An Ambassador of Civil Discourse

In today’s universities—and in society in general—the ability to engage in intellectually rigorous and courteous conversation can appear to be a lost art. All too often, the rule of politically correct opinions wields an overwhelming power over the ability to engage in thoughtful debate. But there is increasingly pressure to restore civil discourse to the … Continue reading “An Ambassador of Civil Discourse”


UNC’s New Gen Ed Proposal Reflects Major Philosophical Shift from Knowledge to Process

It is imperative that universities take the time to deeply reflect on their purpose (or rather, purposes). There is no better time for UNC-Chapel Hill to do so than now, as it crafts a new general education curriculum. In 2016, the dean of College of Arts and Sciences, Kevin Guskiewicz, decided that it was time … Continue reading “UNC’s New Gen Ed Proposal Reflects Major Philosophical Shift from Knowledge to Process”


Standing Athwart Social Justice Protests

Today’s protest-ridden climate on college campuses might lead one to suspect that they are hotbeds of political disruption controlled by social justice warriors.  All over the country, speakers are shouted down, professors are harassed and even assaulted, students are intimidated—while administrators grovel, patronize, pander, and quake.  Fortunately, the situation isn’t quite so dim on most … Continue reading “Standing Athwart Social Justice Protests”


Remaking Society One Five-Year Strategic Plan At a Time

In January of this year, the University of North Carolina (UNC) Board of Governors unanimously adopted a system-wide strategic plan commissioned by President Spellings. The plan, entitled Higher Expectations, provides an outline of specific goals and metrics that are aimed to help the University prioritize its efforts in the next five years, essentially functioning as … Continue reading “Remaking Society One Five-Year Strategic Plan At a Time”


The NCAA’s UNC Decision: Nothing to See Here, Move Along

UNC-Chapel Hill’s infamous athletics-academic scandal has officially been swept under the rug. On October 13th, the NCAA’s Committee on Infractions announced that UNC-Chapel Hill will not be punished for the fraudulent classes it offered to 3,100 students, 47.6 percent of whom were athletes, for nearly two decades. This decision concludes Chapel Hill’s six-year saga of … Continue reading “The NCAA’s UNC Decision: Nothing to See Here, Move Along”


An Innovative Guide Through the Higher Ed Landscape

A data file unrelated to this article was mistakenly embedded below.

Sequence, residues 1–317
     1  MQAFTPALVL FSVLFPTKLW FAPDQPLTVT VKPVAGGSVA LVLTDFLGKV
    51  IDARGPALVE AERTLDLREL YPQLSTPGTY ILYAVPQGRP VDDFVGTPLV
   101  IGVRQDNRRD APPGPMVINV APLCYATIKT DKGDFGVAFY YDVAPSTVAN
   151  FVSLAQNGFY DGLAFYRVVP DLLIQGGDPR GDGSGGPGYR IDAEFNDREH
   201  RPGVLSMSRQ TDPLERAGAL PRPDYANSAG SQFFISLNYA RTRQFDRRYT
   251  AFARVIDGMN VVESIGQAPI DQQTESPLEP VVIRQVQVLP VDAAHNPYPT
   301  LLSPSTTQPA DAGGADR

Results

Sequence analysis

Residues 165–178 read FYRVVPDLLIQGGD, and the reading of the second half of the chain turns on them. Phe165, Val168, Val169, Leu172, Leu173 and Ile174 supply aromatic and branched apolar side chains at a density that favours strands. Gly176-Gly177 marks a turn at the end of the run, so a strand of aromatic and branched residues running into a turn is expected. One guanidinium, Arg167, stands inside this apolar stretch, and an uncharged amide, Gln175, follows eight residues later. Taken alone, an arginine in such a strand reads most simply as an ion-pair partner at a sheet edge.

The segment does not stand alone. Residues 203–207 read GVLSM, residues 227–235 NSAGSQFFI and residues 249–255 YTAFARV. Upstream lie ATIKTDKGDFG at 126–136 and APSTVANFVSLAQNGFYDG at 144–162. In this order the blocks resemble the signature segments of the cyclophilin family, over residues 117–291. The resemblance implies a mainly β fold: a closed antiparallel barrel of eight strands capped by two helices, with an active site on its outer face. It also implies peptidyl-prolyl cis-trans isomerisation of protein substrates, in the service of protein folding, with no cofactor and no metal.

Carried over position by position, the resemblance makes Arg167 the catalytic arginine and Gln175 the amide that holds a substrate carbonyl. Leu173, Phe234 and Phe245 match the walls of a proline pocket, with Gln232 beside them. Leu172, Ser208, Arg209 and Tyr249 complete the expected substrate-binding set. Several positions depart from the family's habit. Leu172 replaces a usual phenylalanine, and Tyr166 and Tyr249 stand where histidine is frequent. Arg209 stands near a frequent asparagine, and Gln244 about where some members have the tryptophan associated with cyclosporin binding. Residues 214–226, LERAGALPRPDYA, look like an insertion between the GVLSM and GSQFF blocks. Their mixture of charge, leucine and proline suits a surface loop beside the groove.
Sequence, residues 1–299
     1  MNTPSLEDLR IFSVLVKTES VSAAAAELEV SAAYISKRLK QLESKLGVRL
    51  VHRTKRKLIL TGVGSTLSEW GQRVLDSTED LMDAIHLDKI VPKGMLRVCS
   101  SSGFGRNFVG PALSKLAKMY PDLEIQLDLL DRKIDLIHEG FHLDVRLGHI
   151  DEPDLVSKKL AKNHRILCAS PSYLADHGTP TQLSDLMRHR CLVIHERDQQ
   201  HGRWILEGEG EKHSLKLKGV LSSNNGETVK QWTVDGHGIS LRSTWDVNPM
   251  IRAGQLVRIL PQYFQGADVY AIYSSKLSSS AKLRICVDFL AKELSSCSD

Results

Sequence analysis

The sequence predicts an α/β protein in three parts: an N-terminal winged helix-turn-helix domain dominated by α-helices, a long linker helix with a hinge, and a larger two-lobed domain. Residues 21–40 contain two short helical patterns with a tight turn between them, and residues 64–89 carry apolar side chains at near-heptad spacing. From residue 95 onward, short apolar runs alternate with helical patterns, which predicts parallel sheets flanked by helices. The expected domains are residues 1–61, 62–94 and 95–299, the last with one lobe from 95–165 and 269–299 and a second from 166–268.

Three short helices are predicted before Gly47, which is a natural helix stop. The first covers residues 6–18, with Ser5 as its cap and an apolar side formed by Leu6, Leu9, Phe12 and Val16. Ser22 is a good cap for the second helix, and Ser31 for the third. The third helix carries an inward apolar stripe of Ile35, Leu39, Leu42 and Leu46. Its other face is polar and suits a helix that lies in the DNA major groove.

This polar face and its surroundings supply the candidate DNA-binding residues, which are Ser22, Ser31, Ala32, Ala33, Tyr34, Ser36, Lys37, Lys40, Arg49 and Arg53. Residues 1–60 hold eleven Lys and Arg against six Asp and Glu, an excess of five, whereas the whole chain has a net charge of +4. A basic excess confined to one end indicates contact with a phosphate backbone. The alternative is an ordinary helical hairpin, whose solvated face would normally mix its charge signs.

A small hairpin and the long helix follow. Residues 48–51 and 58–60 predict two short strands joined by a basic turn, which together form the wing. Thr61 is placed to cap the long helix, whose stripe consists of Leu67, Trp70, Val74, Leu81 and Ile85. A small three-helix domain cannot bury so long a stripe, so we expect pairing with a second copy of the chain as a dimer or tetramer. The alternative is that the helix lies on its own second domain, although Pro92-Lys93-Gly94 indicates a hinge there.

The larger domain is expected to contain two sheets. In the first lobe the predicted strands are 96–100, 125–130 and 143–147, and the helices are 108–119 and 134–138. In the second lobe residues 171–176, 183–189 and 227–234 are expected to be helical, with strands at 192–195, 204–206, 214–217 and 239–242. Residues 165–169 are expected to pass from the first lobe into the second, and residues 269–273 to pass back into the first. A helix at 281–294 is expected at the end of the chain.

Increasingly, the old model of earning a college degree by simply choosing a school, paying cash to cover room, board, and tuition, and graduating within four years (with summers off) is passé. Currently, the average student takes six years to finish college and has about $37,000 in student loan debt. Higher education’s escalating costs and … Continue reading “An Innovative Guide Through the Higher Ed Landscape”


Everyone is Innocent Until Proven Guilty, Except College Students

When it comes to defending themselves against accusations, college students are fighting an uphill battle. Today, students accused of misconduct are often subjected to long and invasive investigation processes without the right to legal representation, to question witnesses, or to be presumed innocent until proven guilty—all basic due process procedures to which every student should … Continue reading “Everyone is Innocent Until Proven Guilty, Except College Students”


The Uncertain Future of Coding Boot Camps

Students are enrolling in coding “boot camps” at record rates, with the number of graduates increasing from about 2,200 in 2013 to an estimated 23,000 in 2017. However, the booming popularity of coding schools was not enough to prevent two prominent ones, Dev Bootcamp and The Iron Yard, from closing down recently. Coding boot camps … Continue reading “The Uncertain Future of Coding Boot Camps”


Should the Confederate Monuments Stay or Go?

It’s been more than two weeks since white nationalists gathered in Charlottesville, Virginia, to march against the removal of a Robert E. Lee statue and chant racist slogans. Social media captured the ensuing chaos and violence in real-time: a white nationalist terrorist rammed his car into a crowd of counter-protestors, killing one woman and injuring … Continue reading “Should the Confederate Monuments Stay or Go?”


When College Sports Lean Pro, Students and the Public Pay

Last week marked the latest chapter in the biggest college sports scandal in history. Administrators and athletics officials from UNC-Chapel Hill appeared before the NCAA’s Committee on Infractions in Nashville, Tennessee. At issue was whether the bogus classes UNC athletes took between 1993 and 2011 should be considered “impermissible benefits.” The Committee is expected to … Continue reading “When College Sports Lean Pro, Students and the Public Pay”